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How the US SEC’s New Climate Disclosure Ruling Affects You

It feels like it’s been a long time coming; this week the US Securities and Exchange Commission (SEC) finally “adopted rules to enhance and standardize climate-related disclosures by public companies and in public offerings. 

While this may feel like a hard-fought win for ESG and sustainability proponents after a long and drawn-out process – the ruling has been subject to multiple delays to its finalization and issuance – the reality is that it has been significantly watered down from its original intent.  

Under the original proposal, large companies would have been required to not only disclose emissions from their own operations, but those emanating from their supply chains as well (known as Scope 3 emissions). In the finalized rule issued by the SEC on March 6, that requirement is no longer present. 

This comes as a blow to the sustainability establishment, as these supply chain emissions often far outweigh a company’s own direct emissions, and ultimately end up contributing substantially more to atmospheric warming as a result. In terms of a ruling originally designed to force companies to be held accountable for their results in this area, one could argue that it has lost its teeth. 

What’s more, companies will only have to report on their direct emissions should they consider them as ‘material’. Notwithstanding the vagueness of the term ‘material’, leaving it up to businesses to voluntarily report on their damaging emissions is probably going to go the way one would expect. 

Naturally, the expected pushback – even on a significantly weakened bill – has begun too. Within a day of the ruling, a coalition of ten Republican states launched a lawsuit in the U.S. federal appeals court, aimed at blocking the rule’s implementation. 

In the suit, the states’ Attorneys General argued that the new rule exceeded the authority of the SEC, describing it as “arbitrary, capricious, an abuse of discretion, and not in accordance with law,” and asked the court to strike down the rule as unlawful. 

This type of statement and backlash comes as no surprise to many businesses and sustainability professionals, particularly those within the United States where over 150 anti-ESG bills and resolutions were introduced across 37 states in 2023 

As for the latest SEC ruling, people are already divided regarding the ramifications of both the ruling itself, as well as the spate of legal action in opposition to it. Some expect it to finally overcome its legal hurdles and pass, whilst others pessimistically foresee more legal delays and see this as just another step on the road to something hopefully more concrete and encompassing in the future.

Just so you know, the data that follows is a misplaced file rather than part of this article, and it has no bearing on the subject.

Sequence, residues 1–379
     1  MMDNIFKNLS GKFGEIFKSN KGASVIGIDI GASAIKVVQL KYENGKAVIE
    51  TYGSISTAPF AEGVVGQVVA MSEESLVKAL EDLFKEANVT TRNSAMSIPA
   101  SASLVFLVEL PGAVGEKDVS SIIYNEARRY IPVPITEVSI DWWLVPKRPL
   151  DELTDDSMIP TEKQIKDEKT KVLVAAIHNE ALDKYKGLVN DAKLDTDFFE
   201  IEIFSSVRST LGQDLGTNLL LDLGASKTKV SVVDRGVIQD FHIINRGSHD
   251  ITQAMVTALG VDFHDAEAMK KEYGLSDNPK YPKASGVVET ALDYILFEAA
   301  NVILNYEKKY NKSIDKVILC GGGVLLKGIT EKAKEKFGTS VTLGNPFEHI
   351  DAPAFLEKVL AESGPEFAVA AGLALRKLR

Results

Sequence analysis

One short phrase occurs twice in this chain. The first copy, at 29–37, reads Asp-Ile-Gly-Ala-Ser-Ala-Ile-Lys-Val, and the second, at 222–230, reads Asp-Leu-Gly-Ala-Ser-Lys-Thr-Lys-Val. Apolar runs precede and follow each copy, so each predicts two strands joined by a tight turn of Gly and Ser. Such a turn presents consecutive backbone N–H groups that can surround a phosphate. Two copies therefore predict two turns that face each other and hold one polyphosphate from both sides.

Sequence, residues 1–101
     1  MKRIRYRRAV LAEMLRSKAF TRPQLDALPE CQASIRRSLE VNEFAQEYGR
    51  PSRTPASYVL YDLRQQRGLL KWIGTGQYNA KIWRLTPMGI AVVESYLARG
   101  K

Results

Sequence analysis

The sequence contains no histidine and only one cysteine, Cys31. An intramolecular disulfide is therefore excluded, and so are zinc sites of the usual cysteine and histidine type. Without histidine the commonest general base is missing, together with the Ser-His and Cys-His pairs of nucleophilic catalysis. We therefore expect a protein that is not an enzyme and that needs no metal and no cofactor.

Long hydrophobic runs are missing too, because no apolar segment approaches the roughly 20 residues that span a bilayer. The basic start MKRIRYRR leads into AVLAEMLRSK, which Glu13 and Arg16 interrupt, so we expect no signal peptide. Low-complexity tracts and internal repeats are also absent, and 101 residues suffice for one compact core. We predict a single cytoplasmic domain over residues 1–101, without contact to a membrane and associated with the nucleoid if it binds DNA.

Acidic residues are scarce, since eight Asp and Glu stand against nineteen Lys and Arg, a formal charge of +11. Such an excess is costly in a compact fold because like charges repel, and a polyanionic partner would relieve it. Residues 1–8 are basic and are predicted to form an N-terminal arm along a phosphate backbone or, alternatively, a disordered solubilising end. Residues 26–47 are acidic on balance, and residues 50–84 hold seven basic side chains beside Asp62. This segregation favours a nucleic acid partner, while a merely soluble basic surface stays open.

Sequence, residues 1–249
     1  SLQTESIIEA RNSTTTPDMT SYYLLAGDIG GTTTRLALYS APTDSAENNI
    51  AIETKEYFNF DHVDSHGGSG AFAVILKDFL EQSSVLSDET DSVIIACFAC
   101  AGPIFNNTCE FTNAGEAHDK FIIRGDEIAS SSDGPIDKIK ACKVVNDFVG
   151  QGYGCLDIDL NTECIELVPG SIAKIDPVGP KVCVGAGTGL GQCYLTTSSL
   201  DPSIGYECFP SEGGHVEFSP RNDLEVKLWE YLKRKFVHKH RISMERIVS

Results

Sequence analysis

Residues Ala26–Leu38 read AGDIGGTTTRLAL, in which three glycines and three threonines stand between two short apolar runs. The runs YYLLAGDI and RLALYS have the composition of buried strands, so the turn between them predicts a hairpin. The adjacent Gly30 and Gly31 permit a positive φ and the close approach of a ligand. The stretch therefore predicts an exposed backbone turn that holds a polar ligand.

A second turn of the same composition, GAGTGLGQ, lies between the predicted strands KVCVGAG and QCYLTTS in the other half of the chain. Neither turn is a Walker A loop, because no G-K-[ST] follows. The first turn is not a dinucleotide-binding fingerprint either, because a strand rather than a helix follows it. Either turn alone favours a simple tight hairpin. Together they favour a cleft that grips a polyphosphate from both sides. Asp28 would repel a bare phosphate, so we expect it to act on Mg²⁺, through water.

Regardless of whether the rule ultimately ‘sticks’ or is delayed yet again, the prevailing sentiment remains that ESG measurement and disclosures will continue to be relevant across various stakeholder groups including customers, international regulators, insurance companies, and investors.  

While major sustainability disclosure laws in the US continue to slowly take shape (though faster in some states like California), jurisdictions and countries elsewhere have begun to enact major regulations where penalties will potentially have material impacts on companies that do not comply, the European Union’s CSRD and SFDR being prime examples of this. 

Investors too, will continue to demand disclosures regardless of regulatory developments and political uncertainty. With financial statements no longer the sole determinant for investment analysis, ESG disclosures are increasingly valued in investment decisions and organizations’ ability to attract and retain financial capital. 

Even small and midsize enterprises (SMEs) will be feeling the pressure to conduct at least some form of sustainability disclosure and reporting to comply with supply chain and/or investor requirements, broaden their customer appeal, and keep up with their business competitors who’ve begun doing so.  

So how will the SEC’s climate disclosure ruling affect you? Probably not as much as you’d feared. If you’re a large company, you’re probably already tracking and reporting on your direct emissions. And SMEs remain unaffected, at least in a primary capacity.  

As we’ve seen however, there are other forces at play within the market which may well affect you far more. It’s probably prudent to take these into account and position your business for long-term sustainability and strategic success, US SEC developments notwithstanding. 

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